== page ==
Weâ€™ve long pointed out that potential pitfalls and bias can occur when doctors maintain close financial ties with drug and <"https://www.yourlawyer.com/practice_areas/defective_medical_devices">medical device makers. Now, after settling a 2007 lawsuit, five of the largest artificial hip and knee implant makers are scaling back their payments to physicians.
According to Bloomberg Businessweek, the U.S. lawsuit charged the device makers with paying kickbacks. Researchers reviewed data released from device makers Biomet Inc., Johnson & Johnsonâ€™s DePuy unit, Smith & Nephew Plc, Stryker Corp., and Zimmer Holdings Inc. for 2007 and 2008, said Businessweek.
The financial transactions are staggering. In 2007, 939 orthopedic surgeons received $198 million; in 2008, 568 payments totaling $119 million and $109 million in royalty buyouts from Zimmer were paid, according to the just-released Archives of Internal Medicine report, said Businessweek. Of the 25,000 orthopedic surgeons practicing in the United States, about 1,000 received money for consulting, product royalties, research, or clinical study work, said to the researchers, Businessweek wrote.
â€œWe live in a society where we want to reward people for innovation and ingenuity and participation in technology development,â€ lead researcher Jason Hockenberry, assistant professor of health policy and management at Atlantaâ€™s Emory University, told Businessweek in an interview. â€œAt the same time, we need to manage the potential conflicts of interest that arise from these financial relationships,â€ he added.
In 2007, the device makers agreed to a $311 million fine to settle U.S. Department of Justice claims they paid kickbacks to surgeons in exchange for the physiciansâ€™ promises to only use their medical devices, Businessweek explained. Under the agreement, prosecutors deferred criminal charges and mandated the device makers disclose their physician consulting agreements, publicize payout amounts on their corporate webs sites; and give federal monitors oversight access.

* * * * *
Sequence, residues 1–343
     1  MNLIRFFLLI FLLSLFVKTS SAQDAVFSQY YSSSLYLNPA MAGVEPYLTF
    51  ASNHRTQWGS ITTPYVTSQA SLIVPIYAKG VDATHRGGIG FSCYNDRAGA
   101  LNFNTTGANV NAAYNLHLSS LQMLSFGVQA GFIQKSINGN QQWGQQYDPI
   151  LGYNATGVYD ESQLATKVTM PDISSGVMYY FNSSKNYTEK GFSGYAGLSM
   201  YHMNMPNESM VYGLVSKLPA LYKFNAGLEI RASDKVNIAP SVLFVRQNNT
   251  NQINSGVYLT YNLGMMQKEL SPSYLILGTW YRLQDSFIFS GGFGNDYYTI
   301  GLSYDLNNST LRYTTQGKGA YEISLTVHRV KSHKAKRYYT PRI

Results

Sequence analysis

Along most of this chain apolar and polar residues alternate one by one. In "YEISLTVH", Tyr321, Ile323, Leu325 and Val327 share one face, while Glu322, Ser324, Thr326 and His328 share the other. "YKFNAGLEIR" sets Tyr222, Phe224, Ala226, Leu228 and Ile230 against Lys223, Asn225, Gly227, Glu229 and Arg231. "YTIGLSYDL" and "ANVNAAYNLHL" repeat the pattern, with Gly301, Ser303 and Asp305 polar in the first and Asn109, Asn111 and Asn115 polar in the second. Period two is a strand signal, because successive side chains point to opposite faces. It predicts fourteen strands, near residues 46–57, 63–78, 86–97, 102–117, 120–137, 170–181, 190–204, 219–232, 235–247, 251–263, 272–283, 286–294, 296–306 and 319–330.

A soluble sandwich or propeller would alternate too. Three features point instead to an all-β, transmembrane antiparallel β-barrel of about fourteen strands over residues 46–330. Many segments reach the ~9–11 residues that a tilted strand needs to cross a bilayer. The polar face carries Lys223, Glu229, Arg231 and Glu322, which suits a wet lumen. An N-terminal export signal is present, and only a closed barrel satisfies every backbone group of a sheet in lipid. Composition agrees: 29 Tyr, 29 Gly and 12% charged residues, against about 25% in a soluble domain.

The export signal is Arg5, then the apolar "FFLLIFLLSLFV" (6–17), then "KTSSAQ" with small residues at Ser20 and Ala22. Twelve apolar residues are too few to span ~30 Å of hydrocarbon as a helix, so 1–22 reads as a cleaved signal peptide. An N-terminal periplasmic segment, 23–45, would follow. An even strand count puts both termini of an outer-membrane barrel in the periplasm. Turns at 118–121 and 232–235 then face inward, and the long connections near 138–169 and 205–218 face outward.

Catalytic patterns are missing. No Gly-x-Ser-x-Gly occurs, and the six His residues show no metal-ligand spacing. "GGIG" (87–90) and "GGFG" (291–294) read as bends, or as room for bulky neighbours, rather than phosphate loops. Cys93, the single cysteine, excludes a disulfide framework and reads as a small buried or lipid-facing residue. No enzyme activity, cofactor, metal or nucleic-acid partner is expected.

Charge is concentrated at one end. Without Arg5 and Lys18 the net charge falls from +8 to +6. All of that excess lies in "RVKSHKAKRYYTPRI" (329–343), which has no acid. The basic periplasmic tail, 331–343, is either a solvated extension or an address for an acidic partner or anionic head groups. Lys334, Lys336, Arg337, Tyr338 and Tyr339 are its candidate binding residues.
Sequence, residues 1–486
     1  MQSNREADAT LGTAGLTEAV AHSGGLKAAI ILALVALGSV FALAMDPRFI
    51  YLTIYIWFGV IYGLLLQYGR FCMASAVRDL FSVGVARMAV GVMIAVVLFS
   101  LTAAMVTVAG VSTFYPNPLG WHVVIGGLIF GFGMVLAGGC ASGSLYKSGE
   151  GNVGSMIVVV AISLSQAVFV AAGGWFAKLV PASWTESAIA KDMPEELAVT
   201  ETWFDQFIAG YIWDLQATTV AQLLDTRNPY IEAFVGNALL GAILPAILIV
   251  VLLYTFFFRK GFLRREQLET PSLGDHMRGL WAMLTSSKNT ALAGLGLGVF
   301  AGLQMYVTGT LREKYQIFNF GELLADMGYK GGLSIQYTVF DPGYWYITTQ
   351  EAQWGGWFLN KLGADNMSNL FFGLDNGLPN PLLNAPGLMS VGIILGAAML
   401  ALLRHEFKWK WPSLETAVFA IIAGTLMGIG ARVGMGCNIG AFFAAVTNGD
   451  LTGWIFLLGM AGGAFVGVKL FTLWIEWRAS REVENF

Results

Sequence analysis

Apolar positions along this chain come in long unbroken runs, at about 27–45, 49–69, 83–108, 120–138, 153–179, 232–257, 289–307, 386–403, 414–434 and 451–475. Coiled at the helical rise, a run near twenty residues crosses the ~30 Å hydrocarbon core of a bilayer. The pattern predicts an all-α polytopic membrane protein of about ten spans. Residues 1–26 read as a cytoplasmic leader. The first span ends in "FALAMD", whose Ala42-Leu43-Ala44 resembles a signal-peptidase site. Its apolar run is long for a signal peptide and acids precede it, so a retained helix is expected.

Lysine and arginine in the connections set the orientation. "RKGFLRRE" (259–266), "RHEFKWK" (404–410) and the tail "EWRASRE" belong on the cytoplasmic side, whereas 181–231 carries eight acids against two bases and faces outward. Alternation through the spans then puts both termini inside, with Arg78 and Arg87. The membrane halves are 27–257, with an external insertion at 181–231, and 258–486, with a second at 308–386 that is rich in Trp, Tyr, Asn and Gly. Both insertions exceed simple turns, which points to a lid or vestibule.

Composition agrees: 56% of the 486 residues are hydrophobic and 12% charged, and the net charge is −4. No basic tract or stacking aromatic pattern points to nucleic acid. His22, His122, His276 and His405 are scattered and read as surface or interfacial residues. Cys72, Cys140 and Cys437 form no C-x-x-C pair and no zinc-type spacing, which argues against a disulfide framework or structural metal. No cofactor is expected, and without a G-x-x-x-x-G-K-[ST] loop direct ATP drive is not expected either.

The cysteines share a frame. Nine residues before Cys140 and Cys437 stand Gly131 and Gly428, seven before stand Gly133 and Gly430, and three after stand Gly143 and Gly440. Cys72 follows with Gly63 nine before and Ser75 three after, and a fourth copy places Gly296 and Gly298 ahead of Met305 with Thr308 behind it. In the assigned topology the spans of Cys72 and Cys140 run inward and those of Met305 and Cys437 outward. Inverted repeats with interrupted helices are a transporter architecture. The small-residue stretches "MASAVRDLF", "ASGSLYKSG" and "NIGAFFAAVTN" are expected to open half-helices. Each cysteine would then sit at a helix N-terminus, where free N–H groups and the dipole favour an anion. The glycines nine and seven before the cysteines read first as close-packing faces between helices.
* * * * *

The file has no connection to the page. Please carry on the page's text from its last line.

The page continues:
Researchers reviewed two more years of disclosure from DePuy, Smith & Nephew, and Stryker, which voluntarily provided data, and found that while the number and amounts given to academic researchers increased, they were not as high as the 2007 figures, according to the report, said Businessweek. The number of payments in amounts of $1 million or more showed no significant change, while the largest decrease was seen in the smallest surgeons fees, said Hockenberry.
As weâ€™ve long written, the financial relationships between the drug and medial device industries and doctors have caused enormous controversy in recent years. Critics have long held that such relationships create conflicts of interest and could unduly influence everything from research findings to prescribing practices.
In response to the ongoing outcry, several states, medical schools, medical societies, and other entities have passed regulations requiring doctors to disclose their financial relationships with drug and device makers; some have attempted to curb doctor payments and the gifts and perks doctors can receive.